Teenage Sleep Disorder
Contrary to popular belief, teenagers do not have it easy in this day and age. The average teenager goes through various changes that adults previously went through and, oftentimes, parents do not understand. One change that teenagers experience is an alteration of their biological sleep patterns which can throw off their innate sleep clock.
Research from the University of Munich1https://www.ncbi.nlm.nih.gov/pubmed/31840167 discovered that the lateness of a person’s sleep behavior reaches its peak at 20-years-old. From there, the lateness drops gradually and individuals return to going to bed at earlier times.
Unfortunately, late sleeping patterns have negative effects on a teenager’s health. Sleep deprivation is one of the biggest issues teens face and it can cause several issues including anxiety and poor concentration. These result in poor performances in school or the workplace.
Teenagers and Sleep Facts
In recent years, more emphasis has been put on getting a good night’s sleep. In fact, sleep has been promoted as one of the big keys to good physical and mental health alongside eating healthy foods and exercising.
A study in the United States found that just 15% of teenagers get over eight hours of sleep during school nights and far less than eight hours on weekends. If teenagers are not getting eight to 10 hours of sleep per night then they are sleep deprived and constantly in a cycle of sleep deprivation. Sleep deprivation is one of the key contributors to anxiety and stress in teenagers.
In Australia, one study found that a 27% increase in mental health issues in teenagers is attributed to sleep deprivation. In addition, it is believed that nearly three quarters of Aussie teenagers are persistently sleep deprived during the school week.
How Important is Sleep for Teenagers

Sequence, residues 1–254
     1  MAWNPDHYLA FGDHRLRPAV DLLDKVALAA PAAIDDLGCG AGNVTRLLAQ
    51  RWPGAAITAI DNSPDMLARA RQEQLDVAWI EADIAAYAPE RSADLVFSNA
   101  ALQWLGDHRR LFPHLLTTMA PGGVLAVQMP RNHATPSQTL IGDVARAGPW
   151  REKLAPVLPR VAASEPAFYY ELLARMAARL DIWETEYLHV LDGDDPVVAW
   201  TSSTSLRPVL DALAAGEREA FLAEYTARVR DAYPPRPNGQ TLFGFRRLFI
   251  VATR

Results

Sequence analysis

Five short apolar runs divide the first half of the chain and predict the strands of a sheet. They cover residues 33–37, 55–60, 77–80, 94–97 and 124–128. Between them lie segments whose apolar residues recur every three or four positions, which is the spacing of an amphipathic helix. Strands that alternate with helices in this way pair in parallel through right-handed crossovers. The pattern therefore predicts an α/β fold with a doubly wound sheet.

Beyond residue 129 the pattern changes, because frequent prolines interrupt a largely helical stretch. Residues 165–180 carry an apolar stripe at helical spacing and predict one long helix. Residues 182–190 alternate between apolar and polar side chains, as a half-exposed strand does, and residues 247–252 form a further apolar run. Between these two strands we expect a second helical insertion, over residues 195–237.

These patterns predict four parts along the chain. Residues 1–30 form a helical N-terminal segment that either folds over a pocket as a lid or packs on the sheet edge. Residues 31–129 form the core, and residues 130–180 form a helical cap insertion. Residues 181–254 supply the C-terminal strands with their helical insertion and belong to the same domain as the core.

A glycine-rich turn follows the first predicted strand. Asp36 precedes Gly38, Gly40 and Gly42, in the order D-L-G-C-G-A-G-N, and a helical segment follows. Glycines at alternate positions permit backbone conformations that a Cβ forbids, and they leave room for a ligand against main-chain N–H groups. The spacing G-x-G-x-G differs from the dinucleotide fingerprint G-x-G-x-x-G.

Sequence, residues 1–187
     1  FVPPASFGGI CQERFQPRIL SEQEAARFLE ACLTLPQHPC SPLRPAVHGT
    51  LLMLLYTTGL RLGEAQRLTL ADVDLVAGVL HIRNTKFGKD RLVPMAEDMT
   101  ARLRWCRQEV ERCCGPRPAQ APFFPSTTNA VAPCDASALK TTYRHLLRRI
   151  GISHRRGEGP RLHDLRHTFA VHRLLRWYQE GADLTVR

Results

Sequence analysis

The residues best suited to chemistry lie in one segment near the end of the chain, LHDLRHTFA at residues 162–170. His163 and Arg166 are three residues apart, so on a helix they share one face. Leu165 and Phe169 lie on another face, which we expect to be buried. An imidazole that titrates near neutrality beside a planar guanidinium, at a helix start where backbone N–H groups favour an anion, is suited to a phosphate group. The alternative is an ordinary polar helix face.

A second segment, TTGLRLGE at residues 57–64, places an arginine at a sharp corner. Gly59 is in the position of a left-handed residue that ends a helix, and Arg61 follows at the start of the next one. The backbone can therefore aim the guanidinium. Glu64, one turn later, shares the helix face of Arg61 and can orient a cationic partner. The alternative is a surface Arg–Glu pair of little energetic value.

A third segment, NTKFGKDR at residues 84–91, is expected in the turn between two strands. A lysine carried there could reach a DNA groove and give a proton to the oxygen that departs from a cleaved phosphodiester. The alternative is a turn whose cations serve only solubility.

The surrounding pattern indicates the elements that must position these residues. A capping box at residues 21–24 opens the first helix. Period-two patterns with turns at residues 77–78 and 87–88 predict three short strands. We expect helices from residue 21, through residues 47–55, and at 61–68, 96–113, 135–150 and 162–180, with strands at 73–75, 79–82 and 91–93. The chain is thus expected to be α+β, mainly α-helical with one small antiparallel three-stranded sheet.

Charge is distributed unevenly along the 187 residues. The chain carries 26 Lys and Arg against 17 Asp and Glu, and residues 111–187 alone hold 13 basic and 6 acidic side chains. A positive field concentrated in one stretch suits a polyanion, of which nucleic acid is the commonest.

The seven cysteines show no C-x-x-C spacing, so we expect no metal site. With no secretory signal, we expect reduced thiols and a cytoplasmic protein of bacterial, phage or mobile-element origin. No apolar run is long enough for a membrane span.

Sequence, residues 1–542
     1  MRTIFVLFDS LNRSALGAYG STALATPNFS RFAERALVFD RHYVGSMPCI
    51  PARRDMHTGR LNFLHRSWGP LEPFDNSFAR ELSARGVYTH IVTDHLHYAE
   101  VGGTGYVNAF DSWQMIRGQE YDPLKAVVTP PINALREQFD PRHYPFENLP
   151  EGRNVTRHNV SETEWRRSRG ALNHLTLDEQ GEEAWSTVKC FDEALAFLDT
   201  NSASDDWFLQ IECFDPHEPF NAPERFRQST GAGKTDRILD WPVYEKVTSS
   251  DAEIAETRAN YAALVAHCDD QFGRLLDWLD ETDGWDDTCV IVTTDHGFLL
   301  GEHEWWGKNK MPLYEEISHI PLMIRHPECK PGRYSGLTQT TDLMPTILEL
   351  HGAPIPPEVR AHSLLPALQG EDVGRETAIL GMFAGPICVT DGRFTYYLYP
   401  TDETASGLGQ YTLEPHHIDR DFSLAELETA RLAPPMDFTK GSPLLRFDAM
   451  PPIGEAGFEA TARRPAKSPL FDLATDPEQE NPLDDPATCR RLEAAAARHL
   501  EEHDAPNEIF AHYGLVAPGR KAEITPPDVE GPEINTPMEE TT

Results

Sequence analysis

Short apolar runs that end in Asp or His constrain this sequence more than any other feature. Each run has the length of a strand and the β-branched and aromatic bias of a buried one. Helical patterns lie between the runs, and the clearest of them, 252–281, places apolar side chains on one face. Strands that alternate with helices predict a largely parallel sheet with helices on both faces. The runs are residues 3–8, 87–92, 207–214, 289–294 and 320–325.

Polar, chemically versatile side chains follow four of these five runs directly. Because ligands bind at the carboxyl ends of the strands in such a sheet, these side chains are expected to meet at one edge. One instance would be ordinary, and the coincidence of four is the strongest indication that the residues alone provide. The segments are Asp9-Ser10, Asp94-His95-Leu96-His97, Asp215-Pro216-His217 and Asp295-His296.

Just like Australia, the US found some interesting impacts sleep deprivation has on teenagers’ mental health. In a poll2https://www.cdc.gov/sleep/data_statistics.html, it was discovered that teens often display a number of symptoms when they lack sleep.
- Sad and/or depressed
- Lacked ambition and/or felt hopeless
- Felt worried
A good night’s sleep enables individuals to cope with stress far better than when they are sleep deprived. Teenagers who experience poor sleeping patterns can parlay those same routines into adulthood and more serious issues can develop. Some of the issues adults may experience due to their sleep patterns as teens include:
- Sleep apnea
In addition, adults can gain weight or struggle to shed pounds due to sleep deprivation. Poor sleep can also trigger headaches and migraines in teenagers and adults, which can cause a lack of concentration in school or work.
Teenage Sleep Disorder
If you find your teenager to be irritable, then there is a good chance they are sleep deprived. Irritability is just one of the results of a sleep disorder. Drowsiness during the day is another effect of a sleep disorder in teenagers.
Both irritability and drowsiness can wreak havoc on a teenager’s school life. Personal relationships can be negatively harmed as well along with school work or employment. What are the common sleep disorders teenagers can experience?
- Insomnia – Caused during periods of high-level stress and/or anxiety. Some triggers for stress and/or anxiety may be tests, sports events, bullying, and drug/alcohol abuse.
- Delayed Sleep Phase Syndrome – DSPS results when a teenager’s biological rhythm is out of balance.
- Sleep Apnea – This occurs when teens stop breathing during sleep. Individuals may also experience loud snoring and sweat heavily in bed. Nights are disrupted due to the sleep routine.
- Nightmares – Nightmares can occur to people of all ages and result from anxiety and/or stress. Other issues can trigger nightmares including drug/alcohol abuse and bullying.
- Narcolepsy – Is a condition in which teenagers feel drowsy and can fall asleep at any moment regardless of what they are doing. The condition can strike when a teenager is at school in class or driving their car.
- Somnambulism – Also known as sleepwalking, occurs when teenagers lack sleep. Teenagers will have little to no recollection of the experience once they wake up.
Sleep Disorder Effects in Teenagers
A sleep disorder can cause a number of effects in teenagers, but not all can occur in the same individual. Drowsiness is not the only issue teenagers will have and their entire lives can be affected by a sleep disorder. You may not realize it, but a sleep disorder in your teenager can have potentially deadly long term effects.